In this panel we will review Article 168 of the Constitution of the Islamic Republic of Iran, both in theory and in practice. Pursuant to this article: “Trial of political and press crimes are public and heard in courts of law in the presence of a jury. The procedure of jury selection, conditions and powers of the jury and the definition of political crimes will be provided in the law based on Islamic criteria”.
I will review provisions of this Article regarding rights of political and press defendants, which have been somewhat recognized formally, such as the right to be heard in public and the need for the presence of a jury, and compare it with international principles regarding fair trials. This section of our discussion is theoretical and brings us closer to the intent of those who wrote the constitution. I will discuss the positive and negative aspects of the Article regarding the rights of the political and press defendants and the possibility of enforcing the positive aspects as provided in the constitution of the Islamic Republic.
In the second Section I will discuss what has happened in practice in the last thirty three years and review the political trials that have taken place and resulted in conviction of defendants, in total violation of this Article. In reality, Article 168 has been totally abandoned. However, in spite of the insistence of legal scholars on such violation, the authorities in the Judiciary have not been responsive. To the extent that it can be announced that the political and press convictions, which have taken effect after the Constitution was passed in total disregard of this Article, are all illegal and the responsible authorities should be held accountable by an independent judiciary in an appropriate political situation.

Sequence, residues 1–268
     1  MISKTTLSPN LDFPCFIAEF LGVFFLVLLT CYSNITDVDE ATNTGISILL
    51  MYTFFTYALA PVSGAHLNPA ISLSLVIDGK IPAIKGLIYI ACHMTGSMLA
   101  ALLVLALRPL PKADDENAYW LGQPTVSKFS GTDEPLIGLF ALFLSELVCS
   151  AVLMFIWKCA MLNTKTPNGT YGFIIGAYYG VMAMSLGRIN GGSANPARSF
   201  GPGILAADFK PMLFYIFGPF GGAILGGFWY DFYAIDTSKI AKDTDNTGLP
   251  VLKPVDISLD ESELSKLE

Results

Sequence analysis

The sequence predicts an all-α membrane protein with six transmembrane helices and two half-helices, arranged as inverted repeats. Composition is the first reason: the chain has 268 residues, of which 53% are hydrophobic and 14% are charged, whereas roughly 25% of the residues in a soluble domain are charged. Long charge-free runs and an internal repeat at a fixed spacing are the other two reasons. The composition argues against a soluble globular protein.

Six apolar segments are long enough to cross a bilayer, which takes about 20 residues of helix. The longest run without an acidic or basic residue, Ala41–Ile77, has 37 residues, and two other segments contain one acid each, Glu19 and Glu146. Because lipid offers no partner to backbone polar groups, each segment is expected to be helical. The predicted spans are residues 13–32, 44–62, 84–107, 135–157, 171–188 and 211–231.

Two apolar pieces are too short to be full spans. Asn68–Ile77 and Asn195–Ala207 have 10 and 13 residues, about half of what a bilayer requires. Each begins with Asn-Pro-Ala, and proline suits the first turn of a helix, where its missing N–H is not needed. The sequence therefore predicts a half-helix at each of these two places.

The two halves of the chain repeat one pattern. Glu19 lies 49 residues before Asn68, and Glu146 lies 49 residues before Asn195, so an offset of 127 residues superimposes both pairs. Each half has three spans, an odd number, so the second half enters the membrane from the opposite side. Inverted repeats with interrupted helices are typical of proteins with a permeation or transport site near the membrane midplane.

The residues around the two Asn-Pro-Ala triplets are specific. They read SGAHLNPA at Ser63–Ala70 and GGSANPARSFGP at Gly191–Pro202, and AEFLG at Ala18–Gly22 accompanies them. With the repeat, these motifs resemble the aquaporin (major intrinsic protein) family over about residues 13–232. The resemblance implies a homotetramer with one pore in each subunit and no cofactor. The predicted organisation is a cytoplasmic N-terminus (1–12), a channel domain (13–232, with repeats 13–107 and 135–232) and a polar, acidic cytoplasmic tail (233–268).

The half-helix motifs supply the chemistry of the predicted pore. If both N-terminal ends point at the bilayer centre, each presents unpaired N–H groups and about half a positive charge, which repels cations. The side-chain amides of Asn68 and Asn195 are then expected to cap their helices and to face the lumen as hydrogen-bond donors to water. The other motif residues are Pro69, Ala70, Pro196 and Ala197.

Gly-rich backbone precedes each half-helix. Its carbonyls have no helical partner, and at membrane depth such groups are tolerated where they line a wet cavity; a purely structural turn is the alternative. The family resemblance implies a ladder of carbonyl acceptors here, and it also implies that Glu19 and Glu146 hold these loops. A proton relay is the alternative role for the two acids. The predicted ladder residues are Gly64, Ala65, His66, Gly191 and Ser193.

Finally, in conclusion, I will argue that mere legislation, without observance of human rights principles, cannot meet the expectations of today’s Iranian Society. More importantly, when laws are not enforced properly, even if the law itself is proper, people’s rights are not guaranteed. In my conclusion, I will state that in the future constitution of Iran, inclusion of a Supreme Court with jurisdiction to hear complaints of violations of the constitution is necessary. Using the 1996 Constitution of South Africa as a role model, I suggest that such constitution and the discourse around it be studied.
Mehrangiz Kar is a prominent Iranian lawyer, celebrated human right activist and author of the book Crossing the Red Line. She was a Radcliffe Fellow at Harvard University and in the 2005/06 academic year was based at the Carr Center for Human Rights Policy at Harvard’s John F. Kennedy School of Government. Mehrangiz has also been recognized as a Scholar at Risk through an international network of universities and colleges working to promote academic freedom and to defend the human rights of scholars worldwide. In 2002, First Lady of the United States, Laura Bush, gave her the National Endowment for Democracy’s Democracy award.